Explosions, drone strikes rock Russian-held areas far from Ukraine warfront

Russia reported new Ukrainian drone strikes on Friday, after explosions erupted near military bases in Russian-controlled areas of Ukraine. This photo taken on August 16, 2022 shows smoke rising from an ammunition depot in the town of Mayskoye, Crimea.

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Russia reported new Ukrainian drone strikes on Friday night, a day after explosions erupted near military bases in Russian- and Russian-controlled areas of Ukraine, apparent signs of Kyiv’s growing ability to attack Moscow assets away from the front lines.

The latest incidents followed large explosions last week at an air base in Crimea, annexed by Russia. In a new assessment, a Western official said the incident had wiped out half of Russia’s Black Sea naval aviation force at a stroke.

Russia’s RIA and Tass news agencies, citing a local official in Crimea, said it appeared Russian anti-aircraft forces had been in action near the western Crimean port of Yevpatoriya on Friday night. A video posted by a Russian website showed what appeared to be a surface-to-air missile hitting a target. Reuters could not immediately confirm the veracity of the video.

Tass quoted a local official as saying that Russian anti-aircraft forces shot down six Ukrainian drones sent to attack the town of Nova Kakhovka, east of the city of Kherson. Ukraine says retaking Kherson is one of its top priorities.

Separately, an official in Crimea said defenses had shot down an unspecified number of drones over the city of Sevastopol.

“The Ukrainian armed forces invited the Russians for a magical evening,” said Seriy Khlan, a member of the Kherson regional council dissolved by the Russian occupation forces.

The night before, multiple explosions had been reported in Crimea, which Moscow seized in 2014, including near Sevastopol, home to Russia’s Black Sea Fleet, as well as in Kerch, near a massive bridge to Russia.

Inside Russia, two villages were evacuated after explosions at an ammunition depot in Belgorod province, more than 100 km (60 miles) from territory controlled by Ukrainian forces.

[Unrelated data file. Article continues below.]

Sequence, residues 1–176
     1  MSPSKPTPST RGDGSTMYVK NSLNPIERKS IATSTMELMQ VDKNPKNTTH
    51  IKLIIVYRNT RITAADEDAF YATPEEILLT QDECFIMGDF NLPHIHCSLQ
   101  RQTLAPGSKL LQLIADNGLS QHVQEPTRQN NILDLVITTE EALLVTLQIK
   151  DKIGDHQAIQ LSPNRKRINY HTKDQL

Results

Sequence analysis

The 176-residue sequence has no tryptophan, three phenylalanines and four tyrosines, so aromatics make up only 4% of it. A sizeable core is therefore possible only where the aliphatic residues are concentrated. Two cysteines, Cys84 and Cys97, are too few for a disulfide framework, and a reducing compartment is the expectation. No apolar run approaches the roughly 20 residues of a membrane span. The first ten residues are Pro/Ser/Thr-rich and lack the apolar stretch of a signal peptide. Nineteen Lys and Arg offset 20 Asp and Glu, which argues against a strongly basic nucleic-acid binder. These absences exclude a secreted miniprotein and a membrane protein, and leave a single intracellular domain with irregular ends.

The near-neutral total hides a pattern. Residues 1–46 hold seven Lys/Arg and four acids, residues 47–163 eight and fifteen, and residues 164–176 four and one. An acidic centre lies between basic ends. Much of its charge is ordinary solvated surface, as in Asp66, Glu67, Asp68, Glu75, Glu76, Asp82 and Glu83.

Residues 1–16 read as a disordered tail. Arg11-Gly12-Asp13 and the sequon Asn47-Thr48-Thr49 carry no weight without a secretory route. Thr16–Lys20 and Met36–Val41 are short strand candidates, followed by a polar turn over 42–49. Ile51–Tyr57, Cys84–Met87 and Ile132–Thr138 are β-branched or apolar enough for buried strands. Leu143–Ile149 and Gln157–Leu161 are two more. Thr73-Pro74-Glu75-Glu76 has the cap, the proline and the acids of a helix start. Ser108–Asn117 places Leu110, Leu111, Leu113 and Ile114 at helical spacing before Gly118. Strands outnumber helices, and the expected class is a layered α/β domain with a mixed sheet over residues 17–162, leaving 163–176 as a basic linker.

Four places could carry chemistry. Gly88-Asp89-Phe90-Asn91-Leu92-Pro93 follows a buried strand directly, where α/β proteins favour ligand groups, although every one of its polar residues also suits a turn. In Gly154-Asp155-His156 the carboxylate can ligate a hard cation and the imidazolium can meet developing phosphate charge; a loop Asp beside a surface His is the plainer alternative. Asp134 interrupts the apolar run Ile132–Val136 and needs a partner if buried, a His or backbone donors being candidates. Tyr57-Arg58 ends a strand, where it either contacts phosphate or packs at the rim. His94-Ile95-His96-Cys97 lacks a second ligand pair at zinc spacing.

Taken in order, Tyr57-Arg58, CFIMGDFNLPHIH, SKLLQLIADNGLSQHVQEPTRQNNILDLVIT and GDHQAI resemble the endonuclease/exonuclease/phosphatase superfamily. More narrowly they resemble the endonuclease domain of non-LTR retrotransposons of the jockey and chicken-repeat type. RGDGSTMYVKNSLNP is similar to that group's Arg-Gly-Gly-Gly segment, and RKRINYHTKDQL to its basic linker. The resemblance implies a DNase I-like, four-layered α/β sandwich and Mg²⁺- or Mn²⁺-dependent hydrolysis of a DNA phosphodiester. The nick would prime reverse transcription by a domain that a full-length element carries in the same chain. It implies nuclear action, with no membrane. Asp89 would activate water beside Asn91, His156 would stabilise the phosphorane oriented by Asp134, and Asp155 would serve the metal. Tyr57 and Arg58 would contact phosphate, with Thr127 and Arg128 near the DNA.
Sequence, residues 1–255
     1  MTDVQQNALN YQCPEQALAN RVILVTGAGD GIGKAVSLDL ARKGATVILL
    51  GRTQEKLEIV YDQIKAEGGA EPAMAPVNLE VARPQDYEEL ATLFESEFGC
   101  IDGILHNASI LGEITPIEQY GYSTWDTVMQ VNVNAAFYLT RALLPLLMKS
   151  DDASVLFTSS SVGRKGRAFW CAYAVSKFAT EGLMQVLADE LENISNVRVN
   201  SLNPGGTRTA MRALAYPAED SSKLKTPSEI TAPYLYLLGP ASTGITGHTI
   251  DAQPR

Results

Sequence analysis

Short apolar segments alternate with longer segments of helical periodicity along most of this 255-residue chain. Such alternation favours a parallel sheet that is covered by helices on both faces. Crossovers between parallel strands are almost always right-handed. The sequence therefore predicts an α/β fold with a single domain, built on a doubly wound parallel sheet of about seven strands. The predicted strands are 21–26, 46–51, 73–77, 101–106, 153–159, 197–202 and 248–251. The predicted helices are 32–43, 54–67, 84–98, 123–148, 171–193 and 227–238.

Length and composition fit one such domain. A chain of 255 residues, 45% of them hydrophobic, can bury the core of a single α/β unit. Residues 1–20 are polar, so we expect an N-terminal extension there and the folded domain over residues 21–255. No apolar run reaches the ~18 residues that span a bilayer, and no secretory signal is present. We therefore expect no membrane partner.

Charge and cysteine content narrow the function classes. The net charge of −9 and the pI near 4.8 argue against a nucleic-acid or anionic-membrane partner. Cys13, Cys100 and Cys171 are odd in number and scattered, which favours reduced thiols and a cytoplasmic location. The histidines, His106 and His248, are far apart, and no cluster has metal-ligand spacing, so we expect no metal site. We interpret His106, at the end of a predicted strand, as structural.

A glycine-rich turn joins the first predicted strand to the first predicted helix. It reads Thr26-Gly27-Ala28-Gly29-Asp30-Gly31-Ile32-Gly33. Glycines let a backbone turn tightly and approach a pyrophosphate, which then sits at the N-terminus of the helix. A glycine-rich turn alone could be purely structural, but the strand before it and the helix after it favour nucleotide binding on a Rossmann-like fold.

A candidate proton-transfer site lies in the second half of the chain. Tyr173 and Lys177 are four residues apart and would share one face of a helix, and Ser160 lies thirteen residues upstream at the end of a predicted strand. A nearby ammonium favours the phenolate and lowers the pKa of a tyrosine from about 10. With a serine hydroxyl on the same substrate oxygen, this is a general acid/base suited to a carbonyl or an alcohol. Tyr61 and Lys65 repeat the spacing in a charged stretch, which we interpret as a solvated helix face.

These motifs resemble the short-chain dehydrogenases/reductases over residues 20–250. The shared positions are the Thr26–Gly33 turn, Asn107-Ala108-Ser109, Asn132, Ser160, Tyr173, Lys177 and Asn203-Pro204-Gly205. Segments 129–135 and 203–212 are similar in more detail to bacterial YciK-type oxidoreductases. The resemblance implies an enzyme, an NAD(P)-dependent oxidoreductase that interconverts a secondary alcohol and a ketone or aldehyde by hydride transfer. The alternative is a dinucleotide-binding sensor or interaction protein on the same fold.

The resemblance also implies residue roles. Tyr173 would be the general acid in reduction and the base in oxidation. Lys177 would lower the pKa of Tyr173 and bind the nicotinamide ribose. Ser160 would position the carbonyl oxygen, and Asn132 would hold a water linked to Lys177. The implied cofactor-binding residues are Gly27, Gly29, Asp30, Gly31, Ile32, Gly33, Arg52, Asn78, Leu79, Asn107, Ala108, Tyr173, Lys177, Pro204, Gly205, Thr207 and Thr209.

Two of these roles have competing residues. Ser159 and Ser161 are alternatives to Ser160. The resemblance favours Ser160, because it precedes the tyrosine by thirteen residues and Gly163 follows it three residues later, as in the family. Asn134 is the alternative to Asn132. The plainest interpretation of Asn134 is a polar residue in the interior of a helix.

Kyiv shy about incidents in Crimea

Kyiv has been withholding official comment on incidents in Crimea or inside Russia, while hinting that it is behind them using long-range weapons or sabotage.

A Western official on Friday indicated at least some of the incidents were Ukrainian attacks, saying Kyiv was consistently achieving “kinetic effects” far behind Russia’s lines.

Huge explosions on August 9 at Russia’s Saky airbase on the Crimean coast put more than half of the Black Sea Fleet’s fighter jets out of action, the official said, in what would be one of the attacks. costliest of the war.

Russia has denied the planes were damaged in what it called an accident, although satellite images showed at least eight fighter jets burned and several huge craters.

Moscow sacked the head of the Black Sea Fleet this week.

Ukraine hopes that its apparent newfound ability to attack Russian targets behind the front line could turn the tide of the conflict, disrupting the supply lines Moscow needs to support its occupation.

A senior US defense official said Friday that US President Joe BidenThe Ukrainian administration was preparing another security assistance package for Ukraine valued at $775 million and containing surveillance drones and, for the first time, mine-resistant vehicles.

Since last month, Ukraine has been deploying Western-supplied rockets to strike behind Russian lines. Some explosions reported in Crimea and Belgorod were beyond the range of munitions that Western countries have acknowledged sending so far.

A senior Ukrainian official said that around half of the incidents in Crimea were Ukrainian attacks of some kind and the other half were accidents caused by poor operations by Russia.

He stressed that the saboteurs carried out the strikes rather than the long-range weapons, though he did not say whether Kyiv now has ATACMS, a longer-range version of the US HIMARS rockets that it began using in June.

The official, who declined to be identified, said Ukraine expected its strikes to have a greater impact in reducing the power of Russian artillery, but Moscow was adapting.

nuclear plant concern

Ukraine’s nuclear power operator said on Friday it suspected Moscow was planning to switch the Zaporizhzhia plant to Russia’s power grid, a complex operation that Kyiv said could cause disaster.

The power plant is in the hands of Russian troops on the shore of a reservoir.

Ukrainian forces control the opposite bank.

Moscow has rejected international calls to demilitarize the plant, and Putin on Friday renewed his accusation that Kyiv was bombing it in a phone call with the French president. immanuel macronaccording to the Kremlin reading.

Macron’s office said Putin had accepted a mission to Zaporizhzhia from the International Atomic Energy Agency (IAEA).

Thousands of people have been killed and millions forced to flee since Russia launched its invasion on February 24, saying it was aimed at demilitarizing Ukraine and protecting Russian-speakers in what Putin called historic Russian land.

Ukraine and Western countries see it as a war of conquest aimed at destroying Ukraine’s national identity.

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